Myelodysplastic Syndromes - MDS: Risk Factors

Approved by the Cancer.Net Editorial Board, 11/2015

ON THIS PAGE: You will find out more about the factors that increase the chance of developing MDS. To see other pages, use the menu on the side of your screen.

A risk factor is anything that increases a person’s chance of developing a disease. Although risk factors often influence the development of MDS, most do not directly cause MDS. Some people with several risk factors never develop MDS, while others with no known risk factors do. However, knowing your risk factors and talking about them with your doctor may help you make more informed lifestyle and health care choices.

The following factors may raise a person’s risk of developing MDS:

  • Age. MDS occurs most often in people older than 60 and is less common in younger people. MDS is rare in children.

  • Gender. Men develop MDS more often than women.

  • Exposure to environmental/occupational hazards. Long-term exposure to benzene or other toxins, such as tobacco smoke and insecticides, may increase the risk of developing MDS.

  • Previous chemotherapy or radiation treatment. Approximately 20% of people who develop MDS previously received chemotherapy or radiation therapy. This type of MDS is called secondary MDS (see Subtypes and Classification).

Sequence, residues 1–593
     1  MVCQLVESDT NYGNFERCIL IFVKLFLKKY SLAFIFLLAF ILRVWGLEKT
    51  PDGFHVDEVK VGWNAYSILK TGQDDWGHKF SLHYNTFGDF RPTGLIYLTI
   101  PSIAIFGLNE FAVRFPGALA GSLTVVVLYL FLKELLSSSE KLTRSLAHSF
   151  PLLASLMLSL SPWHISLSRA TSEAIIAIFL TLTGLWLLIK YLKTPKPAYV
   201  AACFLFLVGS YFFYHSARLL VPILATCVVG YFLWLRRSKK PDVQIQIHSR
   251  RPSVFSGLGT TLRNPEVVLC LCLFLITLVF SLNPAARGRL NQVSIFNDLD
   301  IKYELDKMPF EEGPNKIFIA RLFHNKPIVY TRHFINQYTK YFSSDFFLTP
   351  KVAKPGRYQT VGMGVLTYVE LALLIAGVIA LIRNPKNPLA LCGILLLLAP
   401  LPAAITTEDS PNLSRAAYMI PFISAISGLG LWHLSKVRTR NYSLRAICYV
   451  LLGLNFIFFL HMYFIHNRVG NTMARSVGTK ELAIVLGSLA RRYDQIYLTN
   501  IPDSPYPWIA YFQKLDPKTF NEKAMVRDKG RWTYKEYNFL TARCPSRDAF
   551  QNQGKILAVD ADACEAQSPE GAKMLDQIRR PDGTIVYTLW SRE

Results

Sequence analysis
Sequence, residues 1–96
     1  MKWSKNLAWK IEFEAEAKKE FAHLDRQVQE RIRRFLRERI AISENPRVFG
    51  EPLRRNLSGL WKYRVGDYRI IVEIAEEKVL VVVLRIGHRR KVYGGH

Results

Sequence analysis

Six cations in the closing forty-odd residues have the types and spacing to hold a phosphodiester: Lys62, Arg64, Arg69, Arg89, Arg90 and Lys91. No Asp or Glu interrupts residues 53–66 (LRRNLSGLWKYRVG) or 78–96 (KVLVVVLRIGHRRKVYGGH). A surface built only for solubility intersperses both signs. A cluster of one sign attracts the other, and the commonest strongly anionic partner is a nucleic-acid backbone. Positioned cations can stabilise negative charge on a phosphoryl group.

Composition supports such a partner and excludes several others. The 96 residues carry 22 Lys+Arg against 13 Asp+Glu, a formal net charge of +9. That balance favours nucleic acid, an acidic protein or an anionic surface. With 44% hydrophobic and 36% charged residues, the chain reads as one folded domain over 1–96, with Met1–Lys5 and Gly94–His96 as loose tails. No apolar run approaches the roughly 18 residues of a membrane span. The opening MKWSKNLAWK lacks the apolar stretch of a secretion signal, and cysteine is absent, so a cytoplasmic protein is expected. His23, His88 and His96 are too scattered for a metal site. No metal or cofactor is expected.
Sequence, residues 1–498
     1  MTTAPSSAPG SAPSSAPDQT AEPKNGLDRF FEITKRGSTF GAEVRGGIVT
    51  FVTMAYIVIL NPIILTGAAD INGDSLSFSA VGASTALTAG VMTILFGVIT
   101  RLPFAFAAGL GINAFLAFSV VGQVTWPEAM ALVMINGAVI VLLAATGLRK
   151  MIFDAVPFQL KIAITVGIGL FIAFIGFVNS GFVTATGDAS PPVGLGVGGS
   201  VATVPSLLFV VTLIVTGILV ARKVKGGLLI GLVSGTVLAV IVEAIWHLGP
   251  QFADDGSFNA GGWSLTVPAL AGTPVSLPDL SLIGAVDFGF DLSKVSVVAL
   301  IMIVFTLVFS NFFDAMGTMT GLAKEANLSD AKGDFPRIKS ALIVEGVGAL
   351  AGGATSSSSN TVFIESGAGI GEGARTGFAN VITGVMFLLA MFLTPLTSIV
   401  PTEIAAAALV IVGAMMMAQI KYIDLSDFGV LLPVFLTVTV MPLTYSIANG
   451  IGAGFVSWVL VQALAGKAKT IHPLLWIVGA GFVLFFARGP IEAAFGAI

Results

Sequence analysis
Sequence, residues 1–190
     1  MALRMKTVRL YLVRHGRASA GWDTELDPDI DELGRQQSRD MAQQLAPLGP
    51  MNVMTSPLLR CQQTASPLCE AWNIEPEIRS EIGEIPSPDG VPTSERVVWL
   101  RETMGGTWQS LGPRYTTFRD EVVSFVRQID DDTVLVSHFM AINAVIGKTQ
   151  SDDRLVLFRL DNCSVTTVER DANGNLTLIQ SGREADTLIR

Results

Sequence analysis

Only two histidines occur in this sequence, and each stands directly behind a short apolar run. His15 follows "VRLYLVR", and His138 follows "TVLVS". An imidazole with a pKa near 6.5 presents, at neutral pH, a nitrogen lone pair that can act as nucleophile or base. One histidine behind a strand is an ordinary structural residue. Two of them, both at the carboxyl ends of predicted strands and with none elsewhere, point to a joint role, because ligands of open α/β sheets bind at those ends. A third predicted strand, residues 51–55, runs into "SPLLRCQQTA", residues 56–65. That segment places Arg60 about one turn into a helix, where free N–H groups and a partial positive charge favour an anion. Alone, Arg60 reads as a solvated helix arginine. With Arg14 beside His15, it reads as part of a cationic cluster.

• Genetics. Most often, MDS is not inherited, meaning passed from parent to child within a family. However, the following inherited genetic conditions may increase a person’s risk of developing MDS:

    • Fanconi anemia

    • Shwachman-Diamond syndrome

    • Diamond Blackfan anemia

    • Congenital neutropenia

    • Familial platelet disorder

The next section in this guide is Symptoms and Signs and it explains what body changes or medical problems this disease can cause. Or, use the menu on the side of your screen to choose another section to continue reading this guide.